For better or for worse, movies affect the way we read and write fiction. As writers—whether we approach our work with a cinematographer’s eye and a screenwriter’s heart or we rarely watch movies and have no desire to see our work adapted for the screen—the language of cinema has already spent over a century seeping into the ways we tell stories on the page. And while a lot can be said about how it has degraded the art of fiction, we should also consider how it has enhanced and expanded the art. What cinematic impulses do we knowingly and unknowingly bring to our work, and how might we learn from and take advantage of those impulses, the bad as well as the good ones? In this talk, we’ll discuss these questions as we also ask the most important one of all: What can literature do that cinema cannot?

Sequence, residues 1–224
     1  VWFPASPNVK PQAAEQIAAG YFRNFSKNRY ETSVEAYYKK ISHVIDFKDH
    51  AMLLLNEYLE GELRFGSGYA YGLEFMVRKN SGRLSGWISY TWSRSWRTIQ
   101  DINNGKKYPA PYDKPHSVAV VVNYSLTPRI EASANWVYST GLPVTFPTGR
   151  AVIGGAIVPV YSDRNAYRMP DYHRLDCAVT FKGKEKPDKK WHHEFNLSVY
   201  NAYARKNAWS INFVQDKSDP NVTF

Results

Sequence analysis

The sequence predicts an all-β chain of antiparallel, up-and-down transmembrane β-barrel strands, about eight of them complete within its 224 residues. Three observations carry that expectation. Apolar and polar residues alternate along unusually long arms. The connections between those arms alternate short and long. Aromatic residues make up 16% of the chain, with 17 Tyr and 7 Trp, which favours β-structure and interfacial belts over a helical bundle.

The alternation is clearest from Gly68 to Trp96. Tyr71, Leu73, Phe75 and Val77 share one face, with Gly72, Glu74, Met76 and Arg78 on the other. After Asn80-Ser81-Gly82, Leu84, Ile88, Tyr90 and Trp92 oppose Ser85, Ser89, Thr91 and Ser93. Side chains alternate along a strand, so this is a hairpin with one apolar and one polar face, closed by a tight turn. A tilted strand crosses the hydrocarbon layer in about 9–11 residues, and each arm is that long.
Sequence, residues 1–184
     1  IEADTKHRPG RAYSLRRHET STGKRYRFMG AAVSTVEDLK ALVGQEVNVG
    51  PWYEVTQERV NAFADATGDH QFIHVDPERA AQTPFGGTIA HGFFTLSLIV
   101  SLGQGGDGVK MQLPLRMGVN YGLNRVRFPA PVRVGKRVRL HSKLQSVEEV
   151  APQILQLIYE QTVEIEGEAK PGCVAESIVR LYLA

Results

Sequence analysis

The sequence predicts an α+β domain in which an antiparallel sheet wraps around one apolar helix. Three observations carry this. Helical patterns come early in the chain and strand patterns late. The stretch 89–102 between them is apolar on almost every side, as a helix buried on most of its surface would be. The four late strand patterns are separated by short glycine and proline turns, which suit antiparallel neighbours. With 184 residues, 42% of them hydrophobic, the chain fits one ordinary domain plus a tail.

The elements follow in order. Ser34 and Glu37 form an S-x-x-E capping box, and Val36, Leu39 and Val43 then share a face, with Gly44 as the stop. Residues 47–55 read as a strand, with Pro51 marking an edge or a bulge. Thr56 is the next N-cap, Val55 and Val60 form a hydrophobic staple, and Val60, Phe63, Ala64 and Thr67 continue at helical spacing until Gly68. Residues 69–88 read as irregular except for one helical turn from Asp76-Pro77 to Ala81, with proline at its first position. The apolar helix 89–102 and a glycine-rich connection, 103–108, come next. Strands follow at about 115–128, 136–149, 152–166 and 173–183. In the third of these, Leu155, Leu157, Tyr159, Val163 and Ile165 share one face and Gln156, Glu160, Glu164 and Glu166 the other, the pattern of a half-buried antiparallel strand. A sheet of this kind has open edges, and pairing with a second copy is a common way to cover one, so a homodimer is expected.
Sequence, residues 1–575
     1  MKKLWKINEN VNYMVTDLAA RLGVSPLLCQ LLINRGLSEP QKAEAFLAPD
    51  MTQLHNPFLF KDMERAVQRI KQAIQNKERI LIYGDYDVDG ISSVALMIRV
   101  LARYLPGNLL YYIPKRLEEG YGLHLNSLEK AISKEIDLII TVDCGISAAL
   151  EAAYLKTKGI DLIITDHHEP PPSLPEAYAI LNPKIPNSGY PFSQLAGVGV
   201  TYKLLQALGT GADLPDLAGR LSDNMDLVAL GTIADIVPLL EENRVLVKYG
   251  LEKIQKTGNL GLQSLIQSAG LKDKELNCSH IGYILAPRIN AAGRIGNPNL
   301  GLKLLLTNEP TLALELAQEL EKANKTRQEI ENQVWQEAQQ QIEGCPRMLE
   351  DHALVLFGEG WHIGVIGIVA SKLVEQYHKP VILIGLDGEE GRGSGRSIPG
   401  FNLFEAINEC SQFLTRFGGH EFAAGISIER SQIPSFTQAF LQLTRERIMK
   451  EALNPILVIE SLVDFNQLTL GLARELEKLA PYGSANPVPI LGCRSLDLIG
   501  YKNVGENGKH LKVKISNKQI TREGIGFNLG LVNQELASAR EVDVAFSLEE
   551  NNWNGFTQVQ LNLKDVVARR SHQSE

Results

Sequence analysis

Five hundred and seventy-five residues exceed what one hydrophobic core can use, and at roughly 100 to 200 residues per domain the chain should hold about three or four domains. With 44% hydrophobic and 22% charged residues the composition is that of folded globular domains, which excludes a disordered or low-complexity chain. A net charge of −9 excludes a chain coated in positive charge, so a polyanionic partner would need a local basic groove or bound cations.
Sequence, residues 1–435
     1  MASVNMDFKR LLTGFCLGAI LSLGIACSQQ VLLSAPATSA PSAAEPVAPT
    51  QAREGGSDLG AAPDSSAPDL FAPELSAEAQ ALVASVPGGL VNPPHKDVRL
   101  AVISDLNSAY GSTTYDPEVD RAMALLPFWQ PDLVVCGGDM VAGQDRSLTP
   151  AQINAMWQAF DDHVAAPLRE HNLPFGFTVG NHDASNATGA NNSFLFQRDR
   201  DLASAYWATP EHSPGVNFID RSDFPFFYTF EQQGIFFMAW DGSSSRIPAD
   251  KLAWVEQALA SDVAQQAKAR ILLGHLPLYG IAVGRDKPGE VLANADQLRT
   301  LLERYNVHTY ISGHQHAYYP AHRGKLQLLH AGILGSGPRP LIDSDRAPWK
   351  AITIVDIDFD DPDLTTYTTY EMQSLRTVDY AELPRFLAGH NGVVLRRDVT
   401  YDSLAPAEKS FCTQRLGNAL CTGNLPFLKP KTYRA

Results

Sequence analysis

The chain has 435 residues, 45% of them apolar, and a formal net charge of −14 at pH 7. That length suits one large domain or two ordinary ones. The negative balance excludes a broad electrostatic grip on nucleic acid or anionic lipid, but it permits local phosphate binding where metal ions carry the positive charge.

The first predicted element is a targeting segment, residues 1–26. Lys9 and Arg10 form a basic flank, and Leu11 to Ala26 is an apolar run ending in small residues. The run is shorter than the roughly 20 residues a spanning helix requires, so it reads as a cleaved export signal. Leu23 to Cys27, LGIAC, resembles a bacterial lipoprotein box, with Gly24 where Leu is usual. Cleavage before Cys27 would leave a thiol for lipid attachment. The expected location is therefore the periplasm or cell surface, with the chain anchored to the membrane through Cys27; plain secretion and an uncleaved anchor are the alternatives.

Vu Tran's first novel, Dragonfish, was a New York Times Notable Book and a San Francisco Chronicle Best Books of the Year. His writing has also appeared in the O. Henry Prize Stories, the Best American Mystery Stories, Ploughshares, and Virginia Quarterly. He is the winner of a Whiting Award and an NEA Fellowship, and has also been a fellow at Bread Loaf, Sewanee, Yaddo, and MacDowell. Born in Vietnam and raised in Oklahoma, Vu received his MFA from the Iowa Writers’ Workshop and his PhD from the Black Mountain Institute in Las Vegas. He teaches at the University of Chicago, where he is an Associate Professor of Practice in English and Creative Writing.